mode,  the direction of the conversion is listed and
             done if possible without user  interaction.  Conver-
             sion  in  preen  mode is best used when all the file
             systems are being converted at once. The format of a
             file system can be determined from the first line of
             output from fstyp(1M). Note: the c option is  seldom
             used  and  is  included  only for compatibility with
             pre-4.1 releases. There is no  guarantee  that  this
             option will be included in future releases.


         f
             Force checking of file  systems  regardless  of  the
             state of their super block clean flag.


         p
             Check and  fix  the  file  system  non-interactively
             ("preen").  Exit  immediately  if there is a problem
             requiring intervention. This option is  required  to
             enable parallel file system checking.


         w
             Check writable file systems only.

Exit Status
     0
         file system is unmounted and OK


     1
         erroneous parameters are specified


     32
         file system is unmounted and  needs  checking  (fsck  -m
         only)


     33
         file system is already mounted


     34
         cannot stat device


     35
         a filesystem that is mounted read/write was  modified  -
         reboot


     36
         uncorrectable errors detected - terminate normally


     37
         a signal was caught during processing


     39
         uncorrectable errors detected - terminate immediately


     40
         file system is mounted read-only and is OK

Usage
     The fsck command is large file aware for UFS  file  systems,
     per the largefile(5) man page.

Files
     /etc/default/fs
         default local file system type. Default  values  can  be
         set  for  the  following  flags  in /etc/default/fs. For
         example: LOCAL=ufs.

         LOCAL
             The default partition for a command if no FSType  is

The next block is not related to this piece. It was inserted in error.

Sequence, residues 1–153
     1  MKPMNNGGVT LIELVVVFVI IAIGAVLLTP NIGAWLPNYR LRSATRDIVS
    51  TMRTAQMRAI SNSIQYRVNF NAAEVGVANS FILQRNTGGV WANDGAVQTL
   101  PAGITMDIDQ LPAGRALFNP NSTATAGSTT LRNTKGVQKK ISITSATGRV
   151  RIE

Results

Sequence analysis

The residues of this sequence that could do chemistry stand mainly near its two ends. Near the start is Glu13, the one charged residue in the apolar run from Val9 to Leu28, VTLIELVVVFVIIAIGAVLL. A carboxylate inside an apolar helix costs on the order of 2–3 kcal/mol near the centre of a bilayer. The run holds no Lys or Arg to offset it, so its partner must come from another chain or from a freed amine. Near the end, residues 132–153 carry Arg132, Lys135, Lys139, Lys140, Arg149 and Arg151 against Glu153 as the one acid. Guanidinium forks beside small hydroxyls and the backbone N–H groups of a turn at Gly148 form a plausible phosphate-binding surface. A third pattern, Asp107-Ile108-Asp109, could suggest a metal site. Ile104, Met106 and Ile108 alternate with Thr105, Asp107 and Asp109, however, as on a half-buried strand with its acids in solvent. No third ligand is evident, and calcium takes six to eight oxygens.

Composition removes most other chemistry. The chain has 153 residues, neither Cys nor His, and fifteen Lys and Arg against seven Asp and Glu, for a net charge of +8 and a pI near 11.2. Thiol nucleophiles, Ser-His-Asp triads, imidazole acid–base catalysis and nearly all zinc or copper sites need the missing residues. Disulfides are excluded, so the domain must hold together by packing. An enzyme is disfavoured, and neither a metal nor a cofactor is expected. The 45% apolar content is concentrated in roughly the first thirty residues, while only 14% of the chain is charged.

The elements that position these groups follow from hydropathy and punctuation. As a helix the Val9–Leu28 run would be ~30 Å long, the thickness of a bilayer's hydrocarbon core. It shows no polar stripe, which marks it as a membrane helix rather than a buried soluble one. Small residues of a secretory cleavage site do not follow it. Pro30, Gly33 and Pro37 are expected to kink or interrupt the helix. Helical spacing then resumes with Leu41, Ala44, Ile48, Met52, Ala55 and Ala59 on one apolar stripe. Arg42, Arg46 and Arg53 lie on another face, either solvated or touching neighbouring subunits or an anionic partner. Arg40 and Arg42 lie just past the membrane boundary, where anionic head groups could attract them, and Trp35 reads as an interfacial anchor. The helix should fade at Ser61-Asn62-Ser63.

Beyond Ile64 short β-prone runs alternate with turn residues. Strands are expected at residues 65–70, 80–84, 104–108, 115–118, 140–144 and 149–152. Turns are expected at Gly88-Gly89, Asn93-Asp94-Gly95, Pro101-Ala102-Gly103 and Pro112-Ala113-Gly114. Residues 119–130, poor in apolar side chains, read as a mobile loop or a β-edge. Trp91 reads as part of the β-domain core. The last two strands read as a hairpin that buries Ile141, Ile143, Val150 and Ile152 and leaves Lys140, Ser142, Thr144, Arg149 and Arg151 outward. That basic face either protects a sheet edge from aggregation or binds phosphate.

specified.

     /etc/vfstab
         list of default parameters for each file system

Attributes
     See attributes(5) for descriptions of the  following  attri-
     butes:



     tab() box; cw(2.75i) |cw(2.75i) lw(2.75i) |lw(2.75i)  ATTRI-
     BUTE  TYPEATTRIBUTE  VALUE  _  Availabilitysystem/core-os  _
     Interface StabilityCommitted

See Also
     clri(1M),    fsck_ufs(1M),    fsdb_ufs(1M),     fsirand(1M),
     fstyp(1M),  mkfs(1M), mkfs_ufs(1M), mountall(1M), newfs(1M),
     reboot(1M), vfstab(4), attributes(5), largefile(5), ufs(7FS)

Warnings
     The operating system buffers file system data. Running  fsck
     on  a  mounted  file system can cause the operating system's
     buffers to become out of date with respect to the disk.  For
     this  reason,  the file system should be unmounted when fsck
     is used. If this is not possible, care should be taken  that
     the  system is quiescent and that it is rebooted immediately
     after fsck is run. Quite often, however, this  will  not  be
     sufficient. A panic will probably occur if running fsck on a
     file system modifies the file system.

Notes
     This command may not be supported for all FSTypes.


     Starting with Solaris 9,  fsck  manages  extended  attribute
     data  on  the  disk.  (See  fsattr(5)  for  a description of
     extended file  attributes.)  A  file  system  with  extended
     attributes  can  be  mounted on versions of Solaris that are
     not attribute-aware (versions prior to Solaris 9),  but  the
     attributes  will  not be accessible and fsck will strip them
     from the files and place them in lost+found. Once the attri-
     butes  have  been  stripped,  the  file system is completely
     stable on versions of Solaris that are not  attribute-aware,
     but  would  be  considered corrupted on attribute-aware ver-
     sions. In the latter circumstance, run  the  attribute-aware
     fsck  to  stabilize  the  file  system before using it in an
     attribute-aware environment.